Turkey & Syria on brink of WAR in Idlib: How did it come to this?
Alarming developments in Syria’s Idlib saw dozens of Turkish soldiers killed in a Syrian airstrike and Ankara responding with own fire and fury. But anyone following the conflict would know the escalation didn’t start overnight.
The Idlib governorate, located in the northwestern part of Syria on the border with Turkey, is the last major stronghold of armed groups that have been fighting to topple the government of Syrian President Bashar Assad for the past several years. The region was spared a Syrian Army offensive in 2018 on a request from Turkey, which said it didn’t want to face a new influx of refugees from Syria after already taking in some 3.6 million people.
Who is fighting who
Many of the fighters in Idlib came from elsewhere. Some are foreign mercenaries, who arrived in Syria to join various jihadi groups funded by countries like Qatar and Saudi Arabia and didn’t leave the country after Russian military intervention turned the tide of battle in favor of Damascus. Others are Syrians, who were part of anti-government forces in liberated hotspots like Aleppo or Douma, and were granted safe passage to Idlib.
Turkey, which was among the supporters of anti-Assad fighters, has a sway among some of the armed groups in Idlib. Others, like Hayat Tahrir al-Sham (HTS) — the major Syrian jihadist faction formerly pledging allegiance to Al Qaeda — are considered terrorists by Ankara. In reality, the extremists occasionally fight alongside the Turkey-backed groups against the approaching Syria armed forces and their allies.
What ceasefire deal said
The September 2018 deal between Turkey and Russia established a path towards de-escalation of violence in Idlib. A demilitarized zone (DMZ) within the militant-held area was agreed, and terrorist groups including HTS were to leave this buffer zone entirely, while the so-called “moderate” rebels only had to pull back heavy weaponry.
Damascus agreed to stop the offensive, while Ankara was supposed to use its influence in the Syrian province to convince more independent groups to observe a ceasefire, and eventually bring a lasting cessation of hostilities.
A chain of observation posts was established by Turkey to monitor the situation on the ground. Groups rejecting the plan and perpetrating violence would remain a legitimate target for the Syrian military.
But the agreement has never fully worked as intended, with both parties accusing each other of constant violations. Russia was also unhappy with how things worked out, since militants in Idlib have been launching regular drone attacks against the Russian air base in Latakia.
What happened in reality
Worse still, instead of pulling back, the jihadist faction actually went on offensive in Idlib, with HTS gaining dominance and capturing much of the province. With no end of terrorist raids in sight, the Syrian Army resumed the offensive in April 2019, and started taking villages and towns in southern Idlib.
In addition to security consideration there was a strategic one. Saraqib, the city east of provincial capital Idlib, which saw some intense fighting this month, sits on a highway connecting Aleppo in the north with Hama, Homs and Damascus in southern Syria.
The advances of the Syrian Army unnerved Ankara, since it changed the balance of power in the area and opened a possibility for a surprise offensive against Idlib, an outcome that the agreement with Russia was supposed to prevent. It also brought Turkish and Syrian troops within close proximity, leading to increased risk of direct clashes.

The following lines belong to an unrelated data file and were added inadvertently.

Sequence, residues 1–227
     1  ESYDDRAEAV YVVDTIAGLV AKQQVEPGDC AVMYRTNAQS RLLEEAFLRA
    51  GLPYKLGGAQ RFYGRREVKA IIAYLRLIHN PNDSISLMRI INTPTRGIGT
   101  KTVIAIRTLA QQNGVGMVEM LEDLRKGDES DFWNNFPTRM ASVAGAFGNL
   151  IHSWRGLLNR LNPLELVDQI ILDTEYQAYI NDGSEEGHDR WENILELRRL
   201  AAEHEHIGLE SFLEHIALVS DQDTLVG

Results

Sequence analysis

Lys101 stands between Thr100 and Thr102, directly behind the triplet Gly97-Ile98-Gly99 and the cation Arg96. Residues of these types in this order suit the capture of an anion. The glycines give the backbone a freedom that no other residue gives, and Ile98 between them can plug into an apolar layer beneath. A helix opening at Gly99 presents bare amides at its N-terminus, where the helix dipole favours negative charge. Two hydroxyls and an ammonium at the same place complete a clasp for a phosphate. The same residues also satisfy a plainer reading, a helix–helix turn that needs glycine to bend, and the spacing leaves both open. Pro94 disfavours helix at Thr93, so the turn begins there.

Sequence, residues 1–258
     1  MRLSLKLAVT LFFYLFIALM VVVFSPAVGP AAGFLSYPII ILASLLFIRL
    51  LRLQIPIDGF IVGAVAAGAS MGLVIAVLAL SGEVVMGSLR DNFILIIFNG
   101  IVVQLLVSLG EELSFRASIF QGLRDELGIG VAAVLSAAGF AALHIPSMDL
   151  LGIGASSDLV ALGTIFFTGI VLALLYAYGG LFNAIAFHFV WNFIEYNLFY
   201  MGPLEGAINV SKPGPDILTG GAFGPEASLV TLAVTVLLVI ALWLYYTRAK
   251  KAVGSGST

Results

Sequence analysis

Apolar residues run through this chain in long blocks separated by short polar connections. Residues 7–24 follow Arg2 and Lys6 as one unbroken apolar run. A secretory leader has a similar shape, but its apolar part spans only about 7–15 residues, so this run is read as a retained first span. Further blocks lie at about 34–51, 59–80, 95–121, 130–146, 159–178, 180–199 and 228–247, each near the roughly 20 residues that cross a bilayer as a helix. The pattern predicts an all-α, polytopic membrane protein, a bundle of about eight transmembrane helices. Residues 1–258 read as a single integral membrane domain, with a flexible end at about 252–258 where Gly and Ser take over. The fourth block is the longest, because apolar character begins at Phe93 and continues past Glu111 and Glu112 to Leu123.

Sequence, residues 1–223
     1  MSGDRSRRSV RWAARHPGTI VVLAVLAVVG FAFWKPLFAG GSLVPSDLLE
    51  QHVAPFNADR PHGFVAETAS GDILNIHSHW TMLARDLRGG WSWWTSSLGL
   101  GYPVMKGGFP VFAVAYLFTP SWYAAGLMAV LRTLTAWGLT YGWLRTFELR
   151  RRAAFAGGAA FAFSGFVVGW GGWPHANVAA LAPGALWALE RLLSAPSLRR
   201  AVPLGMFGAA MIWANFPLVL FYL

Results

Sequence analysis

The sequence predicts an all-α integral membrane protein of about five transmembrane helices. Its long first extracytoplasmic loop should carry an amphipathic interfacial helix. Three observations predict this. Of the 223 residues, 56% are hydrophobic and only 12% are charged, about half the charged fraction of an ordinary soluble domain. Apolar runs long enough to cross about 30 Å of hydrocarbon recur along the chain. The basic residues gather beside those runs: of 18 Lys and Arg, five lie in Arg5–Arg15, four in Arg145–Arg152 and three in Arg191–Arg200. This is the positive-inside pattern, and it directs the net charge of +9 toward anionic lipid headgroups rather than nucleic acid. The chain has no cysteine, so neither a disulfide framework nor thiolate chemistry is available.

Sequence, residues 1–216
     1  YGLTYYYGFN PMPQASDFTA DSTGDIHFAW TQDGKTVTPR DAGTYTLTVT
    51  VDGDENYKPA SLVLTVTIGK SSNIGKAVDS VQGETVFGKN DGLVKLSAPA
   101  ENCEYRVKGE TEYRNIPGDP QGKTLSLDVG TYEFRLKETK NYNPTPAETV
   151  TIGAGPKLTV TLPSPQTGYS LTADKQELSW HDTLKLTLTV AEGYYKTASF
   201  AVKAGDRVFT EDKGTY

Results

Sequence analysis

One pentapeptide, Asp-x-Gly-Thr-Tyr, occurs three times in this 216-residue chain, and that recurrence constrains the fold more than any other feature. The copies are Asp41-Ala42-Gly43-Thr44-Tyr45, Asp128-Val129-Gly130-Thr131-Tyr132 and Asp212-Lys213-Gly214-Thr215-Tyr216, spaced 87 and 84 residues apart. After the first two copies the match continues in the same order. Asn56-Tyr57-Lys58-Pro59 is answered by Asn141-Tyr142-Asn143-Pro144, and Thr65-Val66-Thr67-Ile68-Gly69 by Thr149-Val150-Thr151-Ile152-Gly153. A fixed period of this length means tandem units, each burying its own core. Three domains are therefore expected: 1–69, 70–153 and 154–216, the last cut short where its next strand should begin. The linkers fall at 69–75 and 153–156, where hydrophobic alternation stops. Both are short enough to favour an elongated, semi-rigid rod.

Turkey had its first significant loss of troops to Syrian fire in Idlib in August last year, after one of its convoys was hit by a Syrian airstrike. Damascus had, in turn, claimed the Turks were supplying jihadists with weapons and ammunition. More similar incidents followed, with the latest and most serious coming on Thursday, in which thirty three Turkish soldiers have been confirmed killed and dozens of other injured. Turkey has so far responded by firing at the Syrian Army positions in Idlib.
Moscow said the Russian Air Force did not take part in the deadly raid, but suggested that the losses could have been much worse if it didn’t intervene to stop the Syrian sorties. The Russian military added that the strike was meant to prevent an HTS offensive, and that the Turkish forces were not supposed to be there according to Ankara’s own memo.
What dangers escalation holds
The Thursday disaster marks only the latest Turkish casualties in Syria. Ankara conducted several military operations over the past several years, with dozens of its soldiers killed, according to official data. But while the Turkish troops had previously fought only Kurdish militia and Islamic State — at least openly — the deadly strike has directly pitted Ankara forces against those of Damascus.
Turkish President Recep Tayyip Erdogan demanded that Damascus pulled back all its troops out of Idlib by end of February, saying that otherwise he will sent the Turkish army to force them out. Turkish officials are saying the Syrian forces will now be designated as legitimate targets. But Syria doesn’t appear to be caving it to the ultimatums, even as Turkey-backed militants are fiercely fighting against government forces in Idlib.
The conflict also seriously strains Turkey’s relations with Russia, which are dangerously heading to their new lowest point since the crisis of 2015, prompted by the downing of a Russian warplane by a Turkish fighter jet on Syrian-Turkish border. Several rounds of talks between the two nations have so far failed to resolve the situation, which seems to be growing more volatile by the hour.
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